What is the input data and details of calculations for RAI (Rainfall Anomaly Index)

The Rainfall Anomaly Index (RAI) was developed by van Rooy (1965), and incorporates a ranking procedure to assign magnitudes to positive and negative precipitation anomalies. This index is a rain-base drought index. It is a meteorological drought index. The Rainfall Anomaly Index (RAI) Uses normalized precipitation values based upon the station history of a particular location. Comparison to the current period puts the output into a historical perspective.

When you want to use it, you can use daily or monthly precipitation data. The RAI considers two anomalies, i.e., positive anomaly and negative anomaly. First, the precipitation data are arranged in descending order. The ten highest values are averaged to form a threshold for positive anomaly and the ten lowest values are averaged to form a threshold for negative anomaly. For the details of equations refer to AgMerra Drought paper.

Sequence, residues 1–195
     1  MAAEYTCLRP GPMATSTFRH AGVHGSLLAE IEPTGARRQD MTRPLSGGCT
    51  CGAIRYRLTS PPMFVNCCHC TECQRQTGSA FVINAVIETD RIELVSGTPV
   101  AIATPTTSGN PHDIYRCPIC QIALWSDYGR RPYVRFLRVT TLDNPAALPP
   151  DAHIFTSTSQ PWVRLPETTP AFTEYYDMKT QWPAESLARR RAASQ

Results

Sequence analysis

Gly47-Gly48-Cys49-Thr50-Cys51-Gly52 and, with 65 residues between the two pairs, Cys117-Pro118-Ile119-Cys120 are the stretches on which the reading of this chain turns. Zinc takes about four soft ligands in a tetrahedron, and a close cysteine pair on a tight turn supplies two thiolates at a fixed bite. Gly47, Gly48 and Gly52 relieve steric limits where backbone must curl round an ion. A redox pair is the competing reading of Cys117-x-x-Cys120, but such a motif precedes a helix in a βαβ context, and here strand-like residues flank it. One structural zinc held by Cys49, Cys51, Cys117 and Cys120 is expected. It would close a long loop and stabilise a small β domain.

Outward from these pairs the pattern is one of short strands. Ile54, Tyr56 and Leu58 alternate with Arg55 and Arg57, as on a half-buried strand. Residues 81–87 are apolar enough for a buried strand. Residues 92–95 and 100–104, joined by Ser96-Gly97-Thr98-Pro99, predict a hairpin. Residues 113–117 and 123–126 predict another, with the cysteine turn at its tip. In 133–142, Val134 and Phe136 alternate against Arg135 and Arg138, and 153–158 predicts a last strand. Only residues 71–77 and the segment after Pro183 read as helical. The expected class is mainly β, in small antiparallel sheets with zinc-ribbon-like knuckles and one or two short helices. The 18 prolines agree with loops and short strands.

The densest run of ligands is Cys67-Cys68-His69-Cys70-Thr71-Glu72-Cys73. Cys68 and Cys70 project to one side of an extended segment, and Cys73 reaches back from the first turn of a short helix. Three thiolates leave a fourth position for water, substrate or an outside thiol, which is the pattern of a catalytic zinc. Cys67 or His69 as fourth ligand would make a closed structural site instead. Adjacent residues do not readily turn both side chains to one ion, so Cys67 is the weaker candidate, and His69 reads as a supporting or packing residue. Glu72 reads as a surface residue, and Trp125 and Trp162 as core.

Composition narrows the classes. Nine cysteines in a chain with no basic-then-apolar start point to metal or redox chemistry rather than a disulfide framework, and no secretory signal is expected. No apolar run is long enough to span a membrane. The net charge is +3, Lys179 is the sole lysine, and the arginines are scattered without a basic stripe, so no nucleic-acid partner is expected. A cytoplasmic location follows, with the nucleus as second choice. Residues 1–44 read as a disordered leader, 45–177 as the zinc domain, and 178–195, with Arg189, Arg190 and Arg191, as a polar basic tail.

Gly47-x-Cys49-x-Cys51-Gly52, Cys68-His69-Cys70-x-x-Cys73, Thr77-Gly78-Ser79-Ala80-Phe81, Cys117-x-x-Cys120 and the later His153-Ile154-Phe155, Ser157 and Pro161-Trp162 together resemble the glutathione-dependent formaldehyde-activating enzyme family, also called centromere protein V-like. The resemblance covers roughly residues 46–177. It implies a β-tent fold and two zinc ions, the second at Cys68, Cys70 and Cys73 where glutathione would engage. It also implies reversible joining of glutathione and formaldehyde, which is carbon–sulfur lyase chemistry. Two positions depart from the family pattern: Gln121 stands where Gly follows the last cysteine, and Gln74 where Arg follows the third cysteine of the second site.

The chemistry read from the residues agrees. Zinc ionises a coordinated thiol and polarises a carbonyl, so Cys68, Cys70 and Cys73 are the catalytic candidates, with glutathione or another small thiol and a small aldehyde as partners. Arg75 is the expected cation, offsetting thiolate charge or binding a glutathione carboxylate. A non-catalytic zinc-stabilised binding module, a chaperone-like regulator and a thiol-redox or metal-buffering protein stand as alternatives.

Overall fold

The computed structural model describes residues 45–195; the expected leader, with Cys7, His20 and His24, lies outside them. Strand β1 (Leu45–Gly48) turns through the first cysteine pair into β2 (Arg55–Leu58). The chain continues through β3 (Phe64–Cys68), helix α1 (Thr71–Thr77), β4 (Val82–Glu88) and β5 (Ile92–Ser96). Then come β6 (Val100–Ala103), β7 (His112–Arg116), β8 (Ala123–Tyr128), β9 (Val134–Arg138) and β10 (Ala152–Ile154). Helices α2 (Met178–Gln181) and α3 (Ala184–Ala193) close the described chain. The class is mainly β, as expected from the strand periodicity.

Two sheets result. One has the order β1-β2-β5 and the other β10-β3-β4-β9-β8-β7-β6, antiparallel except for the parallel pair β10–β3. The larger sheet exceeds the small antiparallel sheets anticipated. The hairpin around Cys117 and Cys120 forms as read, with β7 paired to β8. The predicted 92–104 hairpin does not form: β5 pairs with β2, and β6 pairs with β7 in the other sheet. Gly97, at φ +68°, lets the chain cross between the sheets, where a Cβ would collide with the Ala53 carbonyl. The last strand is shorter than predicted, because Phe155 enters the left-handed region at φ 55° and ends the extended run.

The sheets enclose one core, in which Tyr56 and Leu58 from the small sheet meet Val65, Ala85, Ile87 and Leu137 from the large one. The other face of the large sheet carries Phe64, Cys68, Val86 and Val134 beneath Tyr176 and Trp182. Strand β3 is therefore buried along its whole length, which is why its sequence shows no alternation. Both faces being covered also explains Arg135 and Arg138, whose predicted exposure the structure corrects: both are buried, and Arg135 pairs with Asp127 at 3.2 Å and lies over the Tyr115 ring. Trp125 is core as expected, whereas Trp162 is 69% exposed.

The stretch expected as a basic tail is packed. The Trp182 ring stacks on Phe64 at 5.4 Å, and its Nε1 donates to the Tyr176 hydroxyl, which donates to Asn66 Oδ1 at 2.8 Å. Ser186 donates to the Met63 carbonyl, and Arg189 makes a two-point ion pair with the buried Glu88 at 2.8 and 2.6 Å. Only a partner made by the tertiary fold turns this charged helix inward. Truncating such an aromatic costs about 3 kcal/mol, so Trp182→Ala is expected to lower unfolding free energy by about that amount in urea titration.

The arbitrary threshold values of +3 and -3 have, respectively, been assigned to the mean of the ten most extreme positive and negative anomalies. Nine abnormality classes, ranging from extremely wet to extremely dry conditions, are then given against a scale of numerical values of the relative rainfall anomaly index.

Oladipo (1985) found that differences between the RAI and the more complicated indices of Palmer and Bhalme-Mooley were negligible.

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